Monday, February 08, 2010

Cruising the Web

Justice Clarence Thomas appeared recently at the University of Florida Law School and had a fascinating Q and A with the students. Here is a report on his appearance and here is the video from one speech he gave and here is the video from his Q and A with the students. He comes across as such a decent man, just the man he came across in his marvelous autobiography. I wonder if these younger generation of students who were toddlers during the Anita Hill hearings will form a different opinion of Clarence Thomas the man than the one older folks might have formed. (Link via Ann Althouse)

Gawker refutes the various arguments about whether or not the National Enquirer should be eligible for a Pulitzer for their reporting on John Edwards. Hey, if the NYT got a Pulitzer for their reporting on Eliot Spitzer's amorous adventures, than the National Enquirer's reporting should definitely be eligible. Heck, Pulitzer got his start as a tabloid journalist. He was a lot closer to the National Enquirer than to the more "pristine," yet pretentious press.

Even more errors found in the IPCC report. It's turning out to be quite a fertile field for reporters to find all sorts of violations of their supposedly strict standards for only using peer-reviewed studies.

The Washington Post had an article this weekend about how the Tea Party movement is composed of lots of people with diverse interests and concerns. Well, big whoppety doo. Parties in America are coalitions. The Democratic and Republican parties both are composed of many different groups with diverse interests. Any group of people gathered for a political purpose will come at that goal from different paths and with different concerns.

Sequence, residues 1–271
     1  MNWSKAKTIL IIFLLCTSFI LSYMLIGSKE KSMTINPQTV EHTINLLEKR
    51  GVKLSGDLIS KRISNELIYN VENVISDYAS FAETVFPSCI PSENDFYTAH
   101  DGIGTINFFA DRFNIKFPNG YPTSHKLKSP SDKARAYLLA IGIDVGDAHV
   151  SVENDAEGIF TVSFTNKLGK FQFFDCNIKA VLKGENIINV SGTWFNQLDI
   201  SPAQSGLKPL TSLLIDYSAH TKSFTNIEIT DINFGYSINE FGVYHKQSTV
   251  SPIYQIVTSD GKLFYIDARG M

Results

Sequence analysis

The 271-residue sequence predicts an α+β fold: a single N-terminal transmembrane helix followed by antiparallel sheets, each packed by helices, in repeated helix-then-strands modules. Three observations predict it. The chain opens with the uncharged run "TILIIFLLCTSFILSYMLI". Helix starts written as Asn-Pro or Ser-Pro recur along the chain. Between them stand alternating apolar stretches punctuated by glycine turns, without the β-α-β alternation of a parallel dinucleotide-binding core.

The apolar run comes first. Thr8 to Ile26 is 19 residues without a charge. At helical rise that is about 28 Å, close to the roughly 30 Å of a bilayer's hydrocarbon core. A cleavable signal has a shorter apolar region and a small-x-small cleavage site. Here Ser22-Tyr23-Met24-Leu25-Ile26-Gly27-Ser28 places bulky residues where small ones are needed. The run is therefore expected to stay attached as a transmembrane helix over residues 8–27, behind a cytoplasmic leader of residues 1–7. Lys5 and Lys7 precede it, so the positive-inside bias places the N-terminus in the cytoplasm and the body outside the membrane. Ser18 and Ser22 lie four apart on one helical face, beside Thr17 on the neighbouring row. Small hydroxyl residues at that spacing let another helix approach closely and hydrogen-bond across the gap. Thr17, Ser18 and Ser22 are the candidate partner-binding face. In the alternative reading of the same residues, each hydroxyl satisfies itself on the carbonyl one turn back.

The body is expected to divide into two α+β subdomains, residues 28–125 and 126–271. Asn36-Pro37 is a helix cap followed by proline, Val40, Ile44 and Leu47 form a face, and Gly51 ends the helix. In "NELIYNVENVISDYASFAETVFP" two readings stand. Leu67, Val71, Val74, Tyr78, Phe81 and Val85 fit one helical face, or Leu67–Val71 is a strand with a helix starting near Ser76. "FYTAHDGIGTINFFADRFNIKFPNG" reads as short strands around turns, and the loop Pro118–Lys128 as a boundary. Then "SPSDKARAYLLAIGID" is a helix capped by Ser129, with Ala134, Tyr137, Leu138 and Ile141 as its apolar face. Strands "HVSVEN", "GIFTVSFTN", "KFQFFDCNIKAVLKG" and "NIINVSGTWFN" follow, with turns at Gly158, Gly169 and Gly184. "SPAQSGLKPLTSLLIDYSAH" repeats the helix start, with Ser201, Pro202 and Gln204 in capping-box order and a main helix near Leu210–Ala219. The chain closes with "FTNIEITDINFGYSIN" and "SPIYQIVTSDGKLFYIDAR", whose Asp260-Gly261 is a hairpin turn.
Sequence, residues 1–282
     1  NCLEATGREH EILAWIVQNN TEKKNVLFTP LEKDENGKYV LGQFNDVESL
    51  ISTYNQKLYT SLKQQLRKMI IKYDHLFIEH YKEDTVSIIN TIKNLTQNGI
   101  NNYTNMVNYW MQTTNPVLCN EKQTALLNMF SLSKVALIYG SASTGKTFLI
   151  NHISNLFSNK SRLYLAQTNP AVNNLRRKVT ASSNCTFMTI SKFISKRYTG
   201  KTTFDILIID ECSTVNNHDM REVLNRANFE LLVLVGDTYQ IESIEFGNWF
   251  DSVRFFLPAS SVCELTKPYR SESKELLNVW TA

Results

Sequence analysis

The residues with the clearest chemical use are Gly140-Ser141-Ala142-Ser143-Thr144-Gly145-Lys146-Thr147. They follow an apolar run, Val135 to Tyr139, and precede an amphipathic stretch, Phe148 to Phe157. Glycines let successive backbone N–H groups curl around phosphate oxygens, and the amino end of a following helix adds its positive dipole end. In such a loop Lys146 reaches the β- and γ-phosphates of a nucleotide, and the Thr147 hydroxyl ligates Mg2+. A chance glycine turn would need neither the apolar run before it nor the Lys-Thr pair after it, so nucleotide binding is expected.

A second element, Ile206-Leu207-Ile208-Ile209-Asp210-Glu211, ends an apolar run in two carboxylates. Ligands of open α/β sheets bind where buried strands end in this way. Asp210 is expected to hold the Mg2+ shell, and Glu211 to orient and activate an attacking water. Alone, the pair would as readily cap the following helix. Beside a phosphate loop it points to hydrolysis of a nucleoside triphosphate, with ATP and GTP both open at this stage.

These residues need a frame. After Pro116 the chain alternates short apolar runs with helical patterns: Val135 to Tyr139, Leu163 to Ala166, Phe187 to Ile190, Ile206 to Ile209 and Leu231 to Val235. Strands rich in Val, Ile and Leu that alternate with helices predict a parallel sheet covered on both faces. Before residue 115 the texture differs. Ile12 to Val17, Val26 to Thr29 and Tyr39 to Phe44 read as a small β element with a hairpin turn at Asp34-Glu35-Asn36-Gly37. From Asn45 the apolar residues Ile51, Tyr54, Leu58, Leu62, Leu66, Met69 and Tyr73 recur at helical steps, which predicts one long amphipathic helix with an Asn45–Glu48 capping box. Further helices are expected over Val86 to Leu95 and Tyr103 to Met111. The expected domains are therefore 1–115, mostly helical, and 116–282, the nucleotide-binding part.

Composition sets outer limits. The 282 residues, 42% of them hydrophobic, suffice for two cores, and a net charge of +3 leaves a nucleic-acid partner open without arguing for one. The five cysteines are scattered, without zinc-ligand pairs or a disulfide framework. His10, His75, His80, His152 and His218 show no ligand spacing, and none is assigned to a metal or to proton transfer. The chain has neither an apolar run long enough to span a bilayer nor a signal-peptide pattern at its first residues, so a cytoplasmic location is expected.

Democrats in the California State Senate voted to establish
'a 'Medicare for all' health-care system that would cost “about” $200 billion a year." Yeah, that is just what the California government budget can afford.

The San Francisco Chronicle reports
on how Scott Brown used new media so effectively to build a volunteer organization and raise money. The lesson here isn't about all the exciting ways that the new media are changing elections. If Scott Brown hadn't had a message that was appealing, he could have been twittering his heart away and calling for a moneybomb day after day and it wouldn't have made a bit of difference. The same thing was true for Obama's use of the new media.

Politico says that
Obama is starting to sound like a scold telling Americans how to live their lives better and congressmen how run Congress better. Well, isn't that just typical of the liberal nanny state telling people they should be living their lives: what they should eat, what type of car they should drive, or how much they should exercise?

Who's a bigger joke: Patrick Kennedy or Scott Brown? Case closed.

It's starting: the little whispers that perhaps Obama will drop Biden from the ticket in 2012. Don't they know that no one messes with Joe?